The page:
(back) Subject: Re: Pens for staves From: "Bob Elms" <email@example.com> Date: Sun, 27 Mar 2005 16:55:47 +0800 Me? I'm lazy. I draw them with the computer. 100 pages in a few minutes if = I want that many. Come to think of it I also write the key signatures, experssion and tempo marks and notation on the staves using the computer. Program cost me about $US50 and was worth every cent. And if I need to transpose as for a solo clarinet with piano accompaniment.... click! and = the solo line is transposed! I must be getting old. I am no longer have that sense of adventure in = making my own! Bob Elms. ----- Original Message ----- From: "Lelia Loban" <firstname.lastname@example.org> To: <email@example.com> Sent: Sunday, March 27, 2005 9:22 AM Subject: Re: Pens for staves > > Speedball still makes a five-line "crow's quill" nib, made of brass, in > its > line of dipping pens with easily-replaceable (pull out, push on) nibs. > Speedballs are inexpensive compared to most other types of pens, by the > way. The basic technology hasn't changed in hundreds of years. I own a > Speedball five-line nib that I bought years ago, along with many other > Speedball nibs, for use in cartooning. Art supply stores still sell > Speedballs. They're great favorites with calligraphers and cartoonists. > > -- No virus found in this outgoing message. Checked by AVG Anti-Virus. Version: 7.0.308 / Virus Database: 266.8.3 - Release Date: 25/03/2005
(back) Subject: Re: Pens for staves From: "Bill Lyon" <firstname.lastname@example.org> Date: Sun, 27 Mar 2005 04:06:33 -0500 What is the computer program you mention? ----- Original Message ----- From: "Bob Elms" <email@example.com> To: "PipeChat" <firstname.lastname@example.org> Sent: Sunday, March 27, 2005 3:55 AM Subject: Re: Pens for staves > Me? I'm lazy. I draw them with the computer. 100 pages in a few minutes = if I > want that many. Come to think of it I also write the key signatures, > experssion and tempo marks and notation on the staves using the = computer. > Program cost me about $US50 and was worth every cent. And if I need to > transpose as for a solo clarinet with piano accompaniment.... click! and the > solo line is transposed! > I must be getting old. I am no longer have that sense of adventure in making > my own! > Bob Elms.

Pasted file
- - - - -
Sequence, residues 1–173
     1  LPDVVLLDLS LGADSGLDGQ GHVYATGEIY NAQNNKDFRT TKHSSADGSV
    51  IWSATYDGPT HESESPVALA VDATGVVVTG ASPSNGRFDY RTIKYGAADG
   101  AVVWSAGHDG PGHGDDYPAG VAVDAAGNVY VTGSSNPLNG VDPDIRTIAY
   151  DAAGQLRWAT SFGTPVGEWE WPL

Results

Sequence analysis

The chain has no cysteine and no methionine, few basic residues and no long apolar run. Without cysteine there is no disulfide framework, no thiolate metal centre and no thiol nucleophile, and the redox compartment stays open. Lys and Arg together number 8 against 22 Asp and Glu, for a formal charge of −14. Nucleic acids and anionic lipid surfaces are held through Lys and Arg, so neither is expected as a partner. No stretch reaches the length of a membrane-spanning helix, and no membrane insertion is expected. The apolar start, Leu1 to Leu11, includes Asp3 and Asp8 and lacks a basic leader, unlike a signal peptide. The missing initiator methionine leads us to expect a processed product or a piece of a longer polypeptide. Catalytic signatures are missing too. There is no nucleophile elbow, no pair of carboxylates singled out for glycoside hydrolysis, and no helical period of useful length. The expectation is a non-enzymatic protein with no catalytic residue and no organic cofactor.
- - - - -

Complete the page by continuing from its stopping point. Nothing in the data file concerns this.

(back) Subject: Re: asbarss responds to dale to matt From: <Keys4bach@aol.com> Date: Sun, 27 Mar 2005 04:35:11 EST In a message dated 3/26/2005 10:52:11 P.M. Eastern Standard Time, email@example.com writes: Dale, you can spin that as a "forced update" if you wish but the bottom line is that the customer is able to have the instrument repaired and operating 100% rather than either replacing the entire organ or living with an ongoing problem that cannot be repaired. Yes it was a Forced update and NOT CHEAP..... such is war. dale in
(back) Subject: now for something entirely different From: <Keys4bach@aol.com> Date: Sun, 27 Mar 2005 04:51:58 EST My pastor, the same one i was told NEVER works more than a month in = advance, just sent me a preaching schedule until November. We do not follow the lectionary. There is a 4 week series on the Lord's Prayer. i know we will sing the Malotte every week. Besides Flor Peeters, what other Lord's Prayers are out there for the = choir? We will be at 50 or so by then. Solos? dale in Easter Land